- Criminal Justice
A Vote for Sentencing Reform
Sometimes, it feels as though partisan gridlock has taken over in Washington. That there’s no hope of any positive legislation passing Congress. Especially now. Especially in an election year. Yet over the past weeks and months, below the surface, sentencing reform is making progress.
Earlier today, Sen. Chuck Grassley (IA) and senators on both sides of the aisle announced major steps forward for the Sentencing Reform and Corrections Act -- eight new cosponsors, and new compromises to ensure broad bipartisan support.
Act now: Tell your senators to bring sentencing reform to a vote.
Through persistent advocacy—letters, emails, in-district meetings, op-eds and letters to the editor—especially from people of faith, we’ve seen more members of Congress coming out in support of sentencing reform, specifically the Sentencing Reform and Corrections Act, S. 2123. Through the winter and early spring, voices like yours have been the tree roots of legislative progress, searching for and steadily growing congressional support.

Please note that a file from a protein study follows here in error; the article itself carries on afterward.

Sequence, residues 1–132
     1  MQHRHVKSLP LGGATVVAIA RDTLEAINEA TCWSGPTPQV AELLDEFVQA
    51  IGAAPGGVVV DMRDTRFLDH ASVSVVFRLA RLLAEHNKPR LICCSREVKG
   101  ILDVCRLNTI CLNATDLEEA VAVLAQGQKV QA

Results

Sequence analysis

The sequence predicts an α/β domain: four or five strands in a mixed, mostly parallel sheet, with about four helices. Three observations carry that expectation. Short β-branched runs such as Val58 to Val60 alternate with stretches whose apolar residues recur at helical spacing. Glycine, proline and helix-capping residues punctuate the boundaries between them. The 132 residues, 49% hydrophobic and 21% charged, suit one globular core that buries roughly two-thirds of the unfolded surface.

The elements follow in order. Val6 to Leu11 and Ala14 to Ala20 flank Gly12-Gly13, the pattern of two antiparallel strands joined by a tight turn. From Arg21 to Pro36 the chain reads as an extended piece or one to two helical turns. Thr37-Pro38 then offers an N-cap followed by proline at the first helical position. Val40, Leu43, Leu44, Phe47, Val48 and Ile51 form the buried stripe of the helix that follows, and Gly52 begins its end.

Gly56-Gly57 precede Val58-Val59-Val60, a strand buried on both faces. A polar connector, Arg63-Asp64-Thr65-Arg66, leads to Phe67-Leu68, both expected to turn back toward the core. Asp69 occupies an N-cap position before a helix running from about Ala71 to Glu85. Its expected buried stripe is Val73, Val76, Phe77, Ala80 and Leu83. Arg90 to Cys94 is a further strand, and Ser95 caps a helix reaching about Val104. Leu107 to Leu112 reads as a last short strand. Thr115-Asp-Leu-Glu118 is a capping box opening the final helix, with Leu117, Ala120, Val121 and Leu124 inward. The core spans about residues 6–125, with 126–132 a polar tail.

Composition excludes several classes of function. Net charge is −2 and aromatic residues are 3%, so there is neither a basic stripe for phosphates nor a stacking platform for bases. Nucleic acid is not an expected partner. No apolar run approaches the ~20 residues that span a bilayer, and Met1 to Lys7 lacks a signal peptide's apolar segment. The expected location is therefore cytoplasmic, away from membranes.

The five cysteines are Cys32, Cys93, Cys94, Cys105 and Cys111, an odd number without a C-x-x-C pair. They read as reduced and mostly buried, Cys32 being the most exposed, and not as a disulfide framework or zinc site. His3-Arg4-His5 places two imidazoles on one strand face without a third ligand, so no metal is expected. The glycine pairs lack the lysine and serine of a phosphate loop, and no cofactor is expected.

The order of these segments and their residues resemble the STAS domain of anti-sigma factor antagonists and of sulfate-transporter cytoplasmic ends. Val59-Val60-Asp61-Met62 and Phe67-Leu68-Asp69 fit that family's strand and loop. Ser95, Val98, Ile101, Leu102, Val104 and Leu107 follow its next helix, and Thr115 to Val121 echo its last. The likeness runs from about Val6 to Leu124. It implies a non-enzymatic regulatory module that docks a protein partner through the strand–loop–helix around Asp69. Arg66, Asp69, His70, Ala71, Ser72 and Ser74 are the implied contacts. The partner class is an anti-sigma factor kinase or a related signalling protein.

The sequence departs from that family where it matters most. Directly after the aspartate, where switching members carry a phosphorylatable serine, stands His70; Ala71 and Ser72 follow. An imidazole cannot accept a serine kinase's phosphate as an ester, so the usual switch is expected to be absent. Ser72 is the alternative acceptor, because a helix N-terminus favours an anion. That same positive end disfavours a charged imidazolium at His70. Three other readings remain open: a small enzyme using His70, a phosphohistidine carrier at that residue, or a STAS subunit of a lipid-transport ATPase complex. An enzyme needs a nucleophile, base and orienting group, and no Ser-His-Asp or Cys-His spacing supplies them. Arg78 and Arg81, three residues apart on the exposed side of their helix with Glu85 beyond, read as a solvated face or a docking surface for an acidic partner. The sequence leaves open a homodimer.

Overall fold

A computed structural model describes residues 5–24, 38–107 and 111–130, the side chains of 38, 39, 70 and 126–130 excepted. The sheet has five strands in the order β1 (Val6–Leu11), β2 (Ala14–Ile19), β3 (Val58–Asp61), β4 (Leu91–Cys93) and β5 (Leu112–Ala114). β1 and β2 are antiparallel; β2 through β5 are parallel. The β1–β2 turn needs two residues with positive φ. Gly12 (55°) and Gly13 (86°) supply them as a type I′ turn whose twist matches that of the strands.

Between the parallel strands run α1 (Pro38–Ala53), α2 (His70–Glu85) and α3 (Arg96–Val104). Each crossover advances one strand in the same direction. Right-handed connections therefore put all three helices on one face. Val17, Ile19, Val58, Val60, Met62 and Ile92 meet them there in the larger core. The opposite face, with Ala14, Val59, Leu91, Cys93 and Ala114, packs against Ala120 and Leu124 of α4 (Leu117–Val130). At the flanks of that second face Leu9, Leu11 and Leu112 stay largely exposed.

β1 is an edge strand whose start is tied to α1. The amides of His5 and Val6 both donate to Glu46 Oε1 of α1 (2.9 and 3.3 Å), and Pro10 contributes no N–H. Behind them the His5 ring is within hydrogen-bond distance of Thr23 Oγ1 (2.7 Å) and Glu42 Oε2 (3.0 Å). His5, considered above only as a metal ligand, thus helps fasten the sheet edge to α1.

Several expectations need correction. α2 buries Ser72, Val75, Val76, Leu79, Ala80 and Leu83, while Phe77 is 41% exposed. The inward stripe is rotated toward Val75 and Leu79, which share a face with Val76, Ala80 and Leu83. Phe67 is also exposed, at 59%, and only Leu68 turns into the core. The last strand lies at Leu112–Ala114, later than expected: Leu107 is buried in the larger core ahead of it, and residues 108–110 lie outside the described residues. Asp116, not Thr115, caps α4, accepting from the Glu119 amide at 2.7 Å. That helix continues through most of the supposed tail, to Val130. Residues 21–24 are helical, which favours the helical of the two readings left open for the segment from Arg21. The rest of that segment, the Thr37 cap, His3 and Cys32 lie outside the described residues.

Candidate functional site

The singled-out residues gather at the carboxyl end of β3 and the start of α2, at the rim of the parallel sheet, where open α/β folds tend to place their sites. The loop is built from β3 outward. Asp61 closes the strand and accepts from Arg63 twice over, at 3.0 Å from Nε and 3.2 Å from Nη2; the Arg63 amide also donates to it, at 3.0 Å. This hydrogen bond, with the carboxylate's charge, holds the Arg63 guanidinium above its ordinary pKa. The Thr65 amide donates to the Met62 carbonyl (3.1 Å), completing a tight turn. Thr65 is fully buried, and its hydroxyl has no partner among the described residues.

Today, the lead sponsors of that bill introduced some changes they’ve been working on for months in an effort to convince more senators to co-sponsor the bill. Those negotiations in combination with pressure from local constituents led to additional co-sponsors.
With over a third of the Senate officially co-sponsoring this bill and even more willing to vote for it, it’s time for Leader McConnell to bring the Sentencing Reform and Corrections Act before the full Senate for a vote.
We can't slow down now. It might be hard to see, but the momentum for bipartisan criminal justice reform is growing. Gradually, the number of bill co-sponsors has been increasing. Speaker Ryan has repeatedly said that he wants to see sentencing reform pass this year.
Now it’s our job to push that momentum through. As we get closer to Election Day, members of Congress get increasingly nervous about voting for, doing, or saying anything that might invite some pushback. The season for legislative victory is short, but the opportunity is very real and very present. I hope you'll send a message today.